Here's the school's Facebook link.

© Jan TenBruggencate 2010

Sunday, October 17, 2010

Hawai'i gripped by historic drought; heavy rain predicted for winter

It's hardly news that Hawai'i is dry, but the extent of the drought may reach record proportions.

Lawns are brown, pasture colors in some areas have gone from yellow to gray, water bills are spiking as residents try to keep their yards alive, cattle and horses need special attention because food is short and normal water sources have dried up.

(Image: the U.S. Department of Agriculture drought map for Hawaii, effective Oct. 12. The darker the red, the dryer it is. Yellow is just “abnormally dry.” Credit: USDA.)

Hawai'i is in the grip of a historic drought—maybe a record drought year if late-year rains don't fill in soon. (And they should, but not until after November. More on that later.)

Agricultural ventures report significant farm losses for tree crops, flowers and any unirrigated fields, pasture production down by as much as 90 percent in some areas, and cattle herds being culled by 30 percent.

The federal government has a drought monitor with five levels of severity, and much of leeward Hawai'i is under the worst conditions, “D4, Exceptional drought.” (The Drought Intensity Categories are: D0 … Abnormally Dry; D1 ... Moderate Drought; D2 ... Severe Drought; D3 ... Extreme Drought; and D4 ... Exceptional Drought.)

Many parts of the state are working on all-time record dry conditions, with small fractions of normal rainfall. Here's the state drought map.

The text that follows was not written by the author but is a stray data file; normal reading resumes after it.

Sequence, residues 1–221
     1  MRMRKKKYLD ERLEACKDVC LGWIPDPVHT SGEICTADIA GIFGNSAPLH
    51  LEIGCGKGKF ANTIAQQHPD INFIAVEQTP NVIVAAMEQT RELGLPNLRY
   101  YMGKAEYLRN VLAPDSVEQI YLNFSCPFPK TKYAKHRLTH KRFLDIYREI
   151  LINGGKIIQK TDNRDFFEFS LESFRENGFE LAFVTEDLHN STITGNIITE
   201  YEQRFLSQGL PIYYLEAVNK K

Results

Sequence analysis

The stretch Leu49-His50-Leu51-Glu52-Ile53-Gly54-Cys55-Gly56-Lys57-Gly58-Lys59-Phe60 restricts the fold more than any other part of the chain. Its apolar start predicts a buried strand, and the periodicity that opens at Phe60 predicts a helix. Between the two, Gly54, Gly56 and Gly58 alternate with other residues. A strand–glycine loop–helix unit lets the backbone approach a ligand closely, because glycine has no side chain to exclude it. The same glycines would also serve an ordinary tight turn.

The comparative severity is graphically shown on the national drought monitor map.

The only good news in the scenario is that the National Weather Service predicts the drought will break sometime after November, and that a wet winter is forecast.

It seems bizarre under these arid conditions to be planning for heavy rains and floods, but that's the recommendation of the Weather Service:

Wet season preparedness guidelines:

Clean gutters and drainage ditches

If you live in a flood-prone area, identify your evacuation routes ahead of time

Plan for more rainy weather impacts

Increased road travel times or possible detours due to flooding

Outdoor activities may be postponed, canceled, or adjusted

Increased potential for lightning strikes

Be prepared for possible power outages

Move indoors during a thunderstorm

Do you have a NOAA Weather Radio?

© Jan TenBruggencate 2010

Wednesday, October 13, 2010

Hawaii 12th in energy efficiency; there's more to do

The American Council for an Energy Efficient Economy has ranked Hawai'i 12th among the states for energy efficiency.

That's up from both 2006 and 2008, when Hawai'i was tied for 15th. The scorecard was compiled by Humboldt State University and the Natural Resources Defense Council.

The fact that we're improving is a good sign, in part because everyone is improving, and we're doing slightly better than keeping up with the crowd.

But clearly, and particularly in the state with the highest energy costs in the nation, there's much more that we could do. Our state gets a score on the ACEEE ranking of just 24.5 out of possible 50 points.

The most heavily weighted judging category covers “Utility and Public Benefits Fund Efficiency Programs and Policies” which is a total of 20 possible points and Hawai'i gets 12. This one covers electricity efficiency programs and savings from them, natural gas efficiency, performance incentives and established targets.

Clearly, some of these rankings are a little arbitrary (We don't use much natural gas, and despite a zero score on this measure, Hawai'i still ranked 10th overall in the larger category.)

On Transportation, we get 2 out of a possible 8. It's another area where the rankings are iffy. Hawai'i got no points for transit funding, which means these folks haven't been listening to our state's rail debates, the expanding bus system on Kaua'i, and so forth. We also got no points because our state lacks vehicle tailpipe emission standards, which 15 states do have. We did get a point (the maximum possible) for our state's support of alternative fuel vehicles.